Israeli warplanes have targeted a Syrian weapons shipment headed for Hezbollah in Lebanon, media quoted US officials as saying Saturday, as Sunnis were fleeing a city for fear of a massacre.
The news came as US President Barack Obama, under mounting criticism that he has allowed Bashar al-Assad's regime to cross his own declared "red line" on using chemical weapons, came close to ruling out deploying US troops to Syria.
CNN said US and Western intelligence agencies were reviewing information suggesting Israel likely conducted a strike overnight on Thursday.
But the United States does not believe Israeli warplanes entered Syrian airspace to carry out the strikes, it added.
NBC cited US officials as saying it was believed the primary target was a weapons shipment headed for Hezbollah, the powerful Lebanese Shiite militant group closely allied to President Assad's regime.
One of the officials said the strike was likely tied to delivery systems for chemical weapons, but CNN cited officials as saying there was no reason to believe Israel had struck chemical weapons storage facilities.
White House and Pentagon officials declined to comment and Israel was tightlipped on the reports.
An Israeli defence official stressed to AFP that the Jewish state "was following the situation in Syria and Lebanon, with an emphasis on transferring chemical weapons and special arms."
If confirmed, this would mark the second time Israel has hit Syria this year.
Earlier this month, the Jewish state implicitly admitted carrying out a January air strike on a weapons convoy thought to be en route to Hezbollah.
In Syria, hundreds of families were fleeing Sunni districts of the city of Banias on Saturday, fearing new attacks after a "massacre" in a nearby Sunni village, the Syrian Observatory for Human Rights said.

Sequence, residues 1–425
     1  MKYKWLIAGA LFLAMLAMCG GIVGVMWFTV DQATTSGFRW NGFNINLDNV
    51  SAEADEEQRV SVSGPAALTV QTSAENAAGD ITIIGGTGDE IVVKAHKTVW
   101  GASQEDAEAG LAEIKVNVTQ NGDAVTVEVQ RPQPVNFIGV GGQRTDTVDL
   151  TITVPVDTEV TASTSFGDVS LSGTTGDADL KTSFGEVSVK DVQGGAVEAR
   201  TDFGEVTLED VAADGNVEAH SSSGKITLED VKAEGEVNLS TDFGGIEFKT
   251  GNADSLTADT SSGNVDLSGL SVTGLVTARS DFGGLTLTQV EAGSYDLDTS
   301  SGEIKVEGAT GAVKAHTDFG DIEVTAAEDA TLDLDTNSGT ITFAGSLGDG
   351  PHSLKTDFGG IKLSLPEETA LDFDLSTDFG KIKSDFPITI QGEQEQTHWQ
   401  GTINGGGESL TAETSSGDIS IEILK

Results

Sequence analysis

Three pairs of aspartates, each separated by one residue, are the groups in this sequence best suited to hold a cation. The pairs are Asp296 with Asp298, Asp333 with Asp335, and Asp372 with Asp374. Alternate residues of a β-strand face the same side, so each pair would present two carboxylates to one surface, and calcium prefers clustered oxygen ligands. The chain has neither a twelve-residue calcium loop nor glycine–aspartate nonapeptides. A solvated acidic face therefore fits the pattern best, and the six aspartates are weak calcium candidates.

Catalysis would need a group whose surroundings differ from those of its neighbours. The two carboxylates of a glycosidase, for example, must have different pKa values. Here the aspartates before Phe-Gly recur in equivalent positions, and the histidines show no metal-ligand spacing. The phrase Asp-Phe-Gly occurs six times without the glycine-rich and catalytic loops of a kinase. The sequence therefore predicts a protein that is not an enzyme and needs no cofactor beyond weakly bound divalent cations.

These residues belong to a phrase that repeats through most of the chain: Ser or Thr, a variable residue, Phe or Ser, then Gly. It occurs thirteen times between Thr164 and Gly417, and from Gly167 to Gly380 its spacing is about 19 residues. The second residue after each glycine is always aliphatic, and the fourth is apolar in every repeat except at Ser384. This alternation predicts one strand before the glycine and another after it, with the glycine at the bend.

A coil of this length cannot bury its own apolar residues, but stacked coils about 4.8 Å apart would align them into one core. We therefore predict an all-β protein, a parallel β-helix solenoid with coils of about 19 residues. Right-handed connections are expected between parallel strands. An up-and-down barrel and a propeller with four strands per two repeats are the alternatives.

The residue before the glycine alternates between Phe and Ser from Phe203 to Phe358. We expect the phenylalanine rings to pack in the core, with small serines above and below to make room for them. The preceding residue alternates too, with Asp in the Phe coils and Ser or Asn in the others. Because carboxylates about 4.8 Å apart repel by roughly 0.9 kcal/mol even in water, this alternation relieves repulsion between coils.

"Hundreds of families are fleeing Sunni neighbourhoods in Banias in fear of a new massacre," Observatory director Rami Abdel Rahman told AFP.
The exodus comes after shelling on Sunni neighbourhoods of the city on Friday, and reports of a "large-scale massacre" in a Sunni village nearby on Thursday.
Video from Ras al-Nabaa shot by activists and distributed by the Observatory showed a pile of bloodied bodies lying in a street, a least one of them that of a child.
The exodus follows reports of a "massacre" of at least 50 people in the Sunni village of Bayda, south of Banias.
The Observatory, which relies on a network of sources on the ground, said the deaths were the result of summary executions and shelling.
The Banias region is a bastion of the Alawites, an offshoot of Shiite Islam and the sect to which Assad belongs, while the insurgents battling to topple his regime are mainly Sunni Muslims.
The opposition National Coalition denounced a "large-scale massacre" by regime forces on Thursday in Bayda, citing witness reports of civilians being stabbed to death.
Syrian state media said troops killed "terrorists" -- the regime term for insurgents -- and seized arms in an operation targeting rebels.
Abdel Rahman said troops were raiding homes and making arrests.
"I fear that there could be a massacre like the one that happened yesterday in Bayda."
The latest violence also took its toll on Good Friday and many Syrian Orthodox Christians did not expect churches to be full for the solemn prayers marking the crucifixion of Christ.
"I don't dare to go to church tonight," said Shaza, a mother in Damascus.
Speaking in San Jose, Costa Rica, Obama came close to ruling out deploying US troops to Syria, saying he did not foresee a scenario in which that would be beneficial to either country.
"As a general rule, I don't rule things out as commander-in-chief because circumstances change and you want to make sure that I always have the full power of the United States at our disposal to meet American national security interests," said Obama.
"Having said that, I do not foresee a scenario in which boots on the ground in Syria -- American boots on the ground in Syria-- would not only be good for America but also would be good for Syria."
Speculation has mounted the Obama administration could reverse its opposition to arming the rebels after the White House said last week Assad had likely used chemical weapons on his people.
The US says the Syrian conflict, now in its third year, has killed more than 70,000 people.